Common Legislation Topics
MAID (Medical Assistance in Dying)
MAID is often spoken of as the definitive intervention that ensures control over the alleviation of suffering. But, we have learned that MAID can also be chosen as the antidote to a system that fails in compassion or equitable palliative care access.
It may seem the perfect solution for rural and remote patients who want a home death but are unable to find sufficient palliative care in their context, or for patients who do not want to enter what they perceive to be the dehumanizing environments of residential care.
The administering by a physician or nurse practitioner of a substance to a person, at their request, that causes their death OR
The prescribing or providing by a physician or nurse practitioner of a substance to a person, at their request, so that they may self-administer
The Care Coordinator service information line is available 24 hrs/7 days a week, toll free at: 1-866-286-4023.
DWDC (Dying With Dignity Canada)
Dying With Dignity Canada is the national human-rights charity committed to improving the quality of dying, protecting end-of-life rights, and helping Canadians avoid unwanted suffering.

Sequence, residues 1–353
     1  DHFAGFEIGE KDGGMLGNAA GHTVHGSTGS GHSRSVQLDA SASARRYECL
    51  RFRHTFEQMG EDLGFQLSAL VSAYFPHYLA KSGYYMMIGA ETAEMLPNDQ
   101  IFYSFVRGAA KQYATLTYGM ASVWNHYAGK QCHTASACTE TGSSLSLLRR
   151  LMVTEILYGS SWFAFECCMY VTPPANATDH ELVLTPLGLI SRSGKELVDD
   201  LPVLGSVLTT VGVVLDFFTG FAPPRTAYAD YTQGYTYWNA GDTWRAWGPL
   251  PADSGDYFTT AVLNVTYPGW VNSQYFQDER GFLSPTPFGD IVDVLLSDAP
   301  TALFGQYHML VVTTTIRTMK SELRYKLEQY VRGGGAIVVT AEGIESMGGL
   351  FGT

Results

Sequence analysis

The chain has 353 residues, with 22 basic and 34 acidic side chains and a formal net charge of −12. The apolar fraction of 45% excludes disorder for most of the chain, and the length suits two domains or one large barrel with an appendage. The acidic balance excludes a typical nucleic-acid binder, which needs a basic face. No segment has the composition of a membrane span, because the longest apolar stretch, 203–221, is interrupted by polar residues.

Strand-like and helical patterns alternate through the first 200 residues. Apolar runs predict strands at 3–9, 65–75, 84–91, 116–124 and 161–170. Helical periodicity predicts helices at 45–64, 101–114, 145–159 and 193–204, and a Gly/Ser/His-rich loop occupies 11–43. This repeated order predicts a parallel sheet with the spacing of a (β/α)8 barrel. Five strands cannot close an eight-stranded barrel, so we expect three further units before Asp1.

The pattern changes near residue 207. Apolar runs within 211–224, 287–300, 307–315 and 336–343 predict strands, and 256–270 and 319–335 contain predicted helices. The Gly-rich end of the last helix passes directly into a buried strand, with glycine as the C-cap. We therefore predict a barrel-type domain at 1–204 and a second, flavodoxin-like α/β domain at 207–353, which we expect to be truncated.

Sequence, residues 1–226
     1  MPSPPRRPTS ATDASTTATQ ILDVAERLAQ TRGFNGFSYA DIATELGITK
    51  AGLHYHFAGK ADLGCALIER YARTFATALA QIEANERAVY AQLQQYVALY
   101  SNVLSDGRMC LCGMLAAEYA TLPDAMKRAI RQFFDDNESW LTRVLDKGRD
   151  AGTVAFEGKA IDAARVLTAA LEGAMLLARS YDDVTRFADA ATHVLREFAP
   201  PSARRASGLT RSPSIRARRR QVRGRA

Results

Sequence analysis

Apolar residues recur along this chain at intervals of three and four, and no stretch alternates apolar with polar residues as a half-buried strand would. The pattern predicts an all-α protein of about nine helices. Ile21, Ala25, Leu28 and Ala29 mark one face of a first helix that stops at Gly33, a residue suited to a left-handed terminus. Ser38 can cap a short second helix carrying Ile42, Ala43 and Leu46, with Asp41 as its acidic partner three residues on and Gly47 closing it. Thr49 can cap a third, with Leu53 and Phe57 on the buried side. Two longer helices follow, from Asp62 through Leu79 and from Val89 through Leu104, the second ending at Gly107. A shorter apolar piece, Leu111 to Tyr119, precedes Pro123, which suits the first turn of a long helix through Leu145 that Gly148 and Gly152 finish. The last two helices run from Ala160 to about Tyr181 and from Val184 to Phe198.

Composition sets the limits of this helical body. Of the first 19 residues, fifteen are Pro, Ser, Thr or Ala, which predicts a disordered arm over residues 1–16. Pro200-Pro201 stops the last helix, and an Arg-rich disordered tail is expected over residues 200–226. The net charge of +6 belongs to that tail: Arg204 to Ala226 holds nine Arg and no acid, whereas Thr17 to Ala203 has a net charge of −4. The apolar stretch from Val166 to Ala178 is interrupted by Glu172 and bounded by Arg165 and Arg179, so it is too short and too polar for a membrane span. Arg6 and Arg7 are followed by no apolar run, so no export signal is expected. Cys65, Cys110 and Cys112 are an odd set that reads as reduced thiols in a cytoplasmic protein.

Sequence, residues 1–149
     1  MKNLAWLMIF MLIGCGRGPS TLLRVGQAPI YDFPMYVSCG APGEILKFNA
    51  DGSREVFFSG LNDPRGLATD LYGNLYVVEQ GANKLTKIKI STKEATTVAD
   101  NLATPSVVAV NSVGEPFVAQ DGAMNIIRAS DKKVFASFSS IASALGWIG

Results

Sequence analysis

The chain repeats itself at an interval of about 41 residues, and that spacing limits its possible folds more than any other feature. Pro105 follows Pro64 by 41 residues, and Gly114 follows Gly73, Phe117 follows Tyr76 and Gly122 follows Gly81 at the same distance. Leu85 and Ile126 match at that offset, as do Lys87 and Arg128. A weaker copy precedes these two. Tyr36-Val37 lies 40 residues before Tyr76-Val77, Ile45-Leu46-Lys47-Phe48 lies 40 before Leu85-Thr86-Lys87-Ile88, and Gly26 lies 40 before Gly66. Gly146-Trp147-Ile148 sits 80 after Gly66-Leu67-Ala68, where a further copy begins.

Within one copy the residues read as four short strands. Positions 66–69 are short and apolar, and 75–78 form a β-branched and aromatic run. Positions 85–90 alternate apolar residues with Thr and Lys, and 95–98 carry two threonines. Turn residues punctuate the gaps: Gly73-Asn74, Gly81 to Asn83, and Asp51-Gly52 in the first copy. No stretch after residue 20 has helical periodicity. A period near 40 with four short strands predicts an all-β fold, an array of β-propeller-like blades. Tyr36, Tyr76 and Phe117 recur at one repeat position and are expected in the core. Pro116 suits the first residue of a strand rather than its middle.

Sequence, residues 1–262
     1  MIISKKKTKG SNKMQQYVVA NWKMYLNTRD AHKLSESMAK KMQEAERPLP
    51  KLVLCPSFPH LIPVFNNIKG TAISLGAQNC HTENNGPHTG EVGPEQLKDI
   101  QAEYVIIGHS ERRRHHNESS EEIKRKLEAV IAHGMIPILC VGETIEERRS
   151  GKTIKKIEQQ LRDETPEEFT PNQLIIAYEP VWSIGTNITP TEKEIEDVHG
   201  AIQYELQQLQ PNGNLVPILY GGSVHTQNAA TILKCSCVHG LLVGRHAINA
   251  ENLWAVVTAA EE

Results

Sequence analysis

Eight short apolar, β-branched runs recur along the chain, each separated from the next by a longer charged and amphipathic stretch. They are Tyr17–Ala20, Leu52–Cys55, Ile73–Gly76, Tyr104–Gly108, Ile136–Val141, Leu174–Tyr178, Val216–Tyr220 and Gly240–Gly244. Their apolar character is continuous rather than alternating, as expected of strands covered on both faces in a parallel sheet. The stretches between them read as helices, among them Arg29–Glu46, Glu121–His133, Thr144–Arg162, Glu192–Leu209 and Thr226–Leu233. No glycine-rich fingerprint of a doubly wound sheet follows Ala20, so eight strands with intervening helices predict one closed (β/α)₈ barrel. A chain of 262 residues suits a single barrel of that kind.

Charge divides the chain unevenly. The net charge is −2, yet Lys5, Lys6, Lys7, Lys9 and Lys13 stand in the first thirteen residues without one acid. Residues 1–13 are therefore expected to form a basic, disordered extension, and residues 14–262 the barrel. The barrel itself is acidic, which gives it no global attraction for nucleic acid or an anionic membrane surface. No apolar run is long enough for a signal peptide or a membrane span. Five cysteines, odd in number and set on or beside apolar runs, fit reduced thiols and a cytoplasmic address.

We defend human rights by advocating for assisted dying rules that respect the Canadian Constitution and the Charter of Rights and Freedoms.
We provide support to adults suffering greatly from a grievous and irremediable medical condition who wish to die on their own terms.
We educate Canadians about all of their legal end-of-life options, including the constitutional right to medical assistance in dying (MAID), and the importance of advance care planning.
We support health care practitioners who assess for and provide MAID.
Are funeral homes regulated?
The Bereavement Authority of Ontario (BAO) was established in January 2016 as a Delegated Administrative Authority (DAA) under the Safety & Consumer Statutes Administration Act, 1996. The Funeral, Burial & Cremation Services Act, 2002 (FBCSA) is consumer protection legislation within the province of Ontario.
The clause requiring patients’ natural death to be “reasonably foreseeable” was ruled unconstitutional. In response to the ruling, the federal government tabled Bill C-7 to amend the legislation. Despite the amendments proposed in Bill-C-7, Canada’s MAID law continues to exclude advance requests and access to MAID for mature minors and those with mental illness, a situation DWDC believes is unconstitutional.
May 10th, 2017
Ontario’s MAID Statute Law Amendment Act, 2017 came into force. It made amendments to various Ontario statutes to address areas relevant to MAID that fall under provincial jurisdiction.
June 17th, 2016
The federal government passed Bill-C14 which outlines requirements that patients must meet to be eligible to receive Medical Assistance in Dying ( MAID).